I finished "To Conquer Hell" at 12:15 this morning. It was probably the most emotionally draining history book I've ever read.
Now this is no small statement. I've been reading history books, particularly ones about war, for almost 20 years now. Most of them have been books about the American Civil War and many of them had soldiers' recollections just like this book had. But they were not as raw and the circumstances not nearly as horrific, or they pulled their punches when writing their letters home and memoirs.
Also, those soldiers aren't as forgotten as the American World War One soldiers are.
Seriously, think about it, how many WW1 memorials and monuments can you say you've seen?
How many Civil War memorials and monuments have you seen?
Notice how your first number is much smaller than your second number.
Did you know that there is NO national World War One Memorial? The only WW1 Memorial in DC is one to the soldiers of the District of Columbia who fought in the war.
I guess this lack of recognition of their service is one of the reason's I'm drained about this. We forgot these guys. I feel bad about that. Everybody from Vietnam to WW2 has a memorial. The Spanish American War has a Memorial, the Mexican War, the Marines, the Air Force the Navy, the War of 1812, the Civil and Revolutionary Wars have a whole pile of parks chock full of monuments. But the Doughboys are absent.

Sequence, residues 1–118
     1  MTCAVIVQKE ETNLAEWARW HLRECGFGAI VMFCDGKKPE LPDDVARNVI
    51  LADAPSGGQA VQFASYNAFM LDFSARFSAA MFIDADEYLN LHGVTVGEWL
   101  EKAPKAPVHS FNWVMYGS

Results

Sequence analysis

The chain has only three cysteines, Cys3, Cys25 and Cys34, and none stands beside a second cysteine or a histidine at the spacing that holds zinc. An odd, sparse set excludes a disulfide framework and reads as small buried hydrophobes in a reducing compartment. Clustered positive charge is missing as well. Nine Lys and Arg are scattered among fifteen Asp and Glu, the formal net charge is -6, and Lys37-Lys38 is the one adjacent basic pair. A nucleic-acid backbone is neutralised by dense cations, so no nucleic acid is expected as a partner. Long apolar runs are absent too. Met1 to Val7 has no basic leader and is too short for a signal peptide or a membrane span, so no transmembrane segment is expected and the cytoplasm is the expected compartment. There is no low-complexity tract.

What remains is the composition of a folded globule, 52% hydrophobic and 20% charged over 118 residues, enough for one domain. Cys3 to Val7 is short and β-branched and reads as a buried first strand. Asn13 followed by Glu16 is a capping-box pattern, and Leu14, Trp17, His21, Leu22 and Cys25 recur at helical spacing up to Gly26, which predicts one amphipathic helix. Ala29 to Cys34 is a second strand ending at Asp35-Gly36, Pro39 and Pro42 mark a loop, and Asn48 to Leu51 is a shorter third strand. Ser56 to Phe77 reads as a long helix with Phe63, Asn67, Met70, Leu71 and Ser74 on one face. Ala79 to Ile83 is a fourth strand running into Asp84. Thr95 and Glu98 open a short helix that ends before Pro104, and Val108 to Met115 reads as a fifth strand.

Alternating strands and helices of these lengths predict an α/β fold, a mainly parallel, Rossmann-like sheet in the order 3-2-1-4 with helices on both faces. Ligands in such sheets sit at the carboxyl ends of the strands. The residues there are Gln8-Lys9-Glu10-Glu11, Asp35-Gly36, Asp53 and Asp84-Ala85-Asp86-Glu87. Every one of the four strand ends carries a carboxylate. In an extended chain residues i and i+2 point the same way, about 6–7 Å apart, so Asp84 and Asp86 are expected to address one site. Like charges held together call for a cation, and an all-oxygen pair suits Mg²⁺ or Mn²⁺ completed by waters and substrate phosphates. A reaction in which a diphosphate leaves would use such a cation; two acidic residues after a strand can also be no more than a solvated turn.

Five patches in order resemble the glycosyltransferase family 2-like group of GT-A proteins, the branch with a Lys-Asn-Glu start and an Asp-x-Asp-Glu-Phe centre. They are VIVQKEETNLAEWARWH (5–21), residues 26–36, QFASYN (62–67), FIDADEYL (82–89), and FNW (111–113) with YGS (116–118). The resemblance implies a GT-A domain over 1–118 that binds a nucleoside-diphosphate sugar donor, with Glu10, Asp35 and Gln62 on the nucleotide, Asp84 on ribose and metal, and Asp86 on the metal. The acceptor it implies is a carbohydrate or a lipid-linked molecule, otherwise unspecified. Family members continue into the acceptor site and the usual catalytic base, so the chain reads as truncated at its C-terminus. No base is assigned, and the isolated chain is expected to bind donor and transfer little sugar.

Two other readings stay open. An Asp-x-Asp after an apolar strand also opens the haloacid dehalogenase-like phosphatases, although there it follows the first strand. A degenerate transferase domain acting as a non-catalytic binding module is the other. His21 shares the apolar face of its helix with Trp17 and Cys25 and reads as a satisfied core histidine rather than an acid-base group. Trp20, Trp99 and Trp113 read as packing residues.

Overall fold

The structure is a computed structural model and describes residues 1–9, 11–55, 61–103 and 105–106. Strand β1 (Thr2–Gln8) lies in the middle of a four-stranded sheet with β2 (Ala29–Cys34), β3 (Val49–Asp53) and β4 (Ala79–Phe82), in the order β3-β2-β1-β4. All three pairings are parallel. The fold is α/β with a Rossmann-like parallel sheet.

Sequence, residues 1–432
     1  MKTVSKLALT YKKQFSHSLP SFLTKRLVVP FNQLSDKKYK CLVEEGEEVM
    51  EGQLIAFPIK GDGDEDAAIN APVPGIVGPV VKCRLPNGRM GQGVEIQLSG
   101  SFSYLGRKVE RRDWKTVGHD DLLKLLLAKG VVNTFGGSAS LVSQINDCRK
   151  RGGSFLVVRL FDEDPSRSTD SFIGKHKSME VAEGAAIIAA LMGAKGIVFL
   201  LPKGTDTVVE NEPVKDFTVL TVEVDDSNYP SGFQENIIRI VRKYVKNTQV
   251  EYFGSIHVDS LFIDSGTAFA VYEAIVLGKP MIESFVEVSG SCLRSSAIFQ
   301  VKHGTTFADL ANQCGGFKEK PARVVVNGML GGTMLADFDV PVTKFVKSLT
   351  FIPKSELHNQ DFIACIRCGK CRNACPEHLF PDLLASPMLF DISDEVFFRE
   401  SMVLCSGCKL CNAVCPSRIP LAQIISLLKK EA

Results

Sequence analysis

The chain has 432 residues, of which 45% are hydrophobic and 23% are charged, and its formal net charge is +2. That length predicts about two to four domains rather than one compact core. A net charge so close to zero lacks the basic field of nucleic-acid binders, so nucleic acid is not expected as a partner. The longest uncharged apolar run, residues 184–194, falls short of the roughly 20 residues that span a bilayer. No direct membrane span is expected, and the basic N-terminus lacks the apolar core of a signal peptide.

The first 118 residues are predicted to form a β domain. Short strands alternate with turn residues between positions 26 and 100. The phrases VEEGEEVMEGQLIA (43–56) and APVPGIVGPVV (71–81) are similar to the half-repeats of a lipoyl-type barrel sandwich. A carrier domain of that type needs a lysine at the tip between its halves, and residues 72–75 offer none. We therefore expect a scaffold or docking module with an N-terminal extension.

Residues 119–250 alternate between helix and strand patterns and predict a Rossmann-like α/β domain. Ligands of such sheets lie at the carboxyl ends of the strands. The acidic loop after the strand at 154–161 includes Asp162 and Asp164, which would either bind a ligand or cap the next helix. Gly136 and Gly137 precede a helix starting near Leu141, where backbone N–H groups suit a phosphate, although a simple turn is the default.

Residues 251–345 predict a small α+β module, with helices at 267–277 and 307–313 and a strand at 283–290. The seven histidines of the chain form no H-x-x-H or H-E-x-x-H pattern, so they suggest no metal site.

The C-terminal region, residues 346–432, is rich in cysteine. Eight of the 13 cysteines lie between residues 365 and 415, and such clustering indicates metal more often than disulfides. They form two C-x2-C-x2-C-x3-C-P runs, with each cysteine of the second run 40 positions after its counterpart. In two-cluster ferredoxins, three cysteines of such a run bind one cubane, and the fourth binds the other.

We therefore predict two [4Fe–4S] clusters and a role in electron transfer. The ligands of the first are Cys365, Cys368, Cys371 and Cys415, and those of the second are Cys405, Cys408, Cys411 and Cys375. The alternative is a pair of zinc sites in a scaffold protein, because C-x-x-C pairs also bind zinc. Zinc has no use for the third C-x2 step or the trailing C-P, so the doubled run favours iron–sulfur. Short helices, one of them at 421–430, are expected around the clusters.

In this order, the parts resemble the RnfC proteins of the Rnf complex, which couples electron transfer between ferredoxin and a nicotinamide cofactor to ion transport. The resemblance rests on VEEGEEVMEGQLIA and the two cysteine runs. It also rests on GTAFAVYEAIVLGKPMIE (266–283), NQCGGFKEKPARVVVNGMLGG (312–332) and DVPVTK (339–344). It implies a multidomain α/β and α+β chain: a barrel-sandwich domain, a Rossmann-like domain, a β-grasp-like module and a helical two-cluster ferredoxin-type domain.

If you happen to read this book you'll probably come away with two questions:
1.) Why didn't they get their memorial?
2.) Why did we forget them so quickly?
I don't know the answer, perhaps because it was so awful and so short that nobody, including the soldiers, wanted to think about it anymore...and then WW2 came along and it became obvious that the job wasn't done and the Doughboys had to send their sons and daughters overseas to finally finish off what they had thought would be the War to End All Wars.
Petersburg to Appomattox
9 hours ago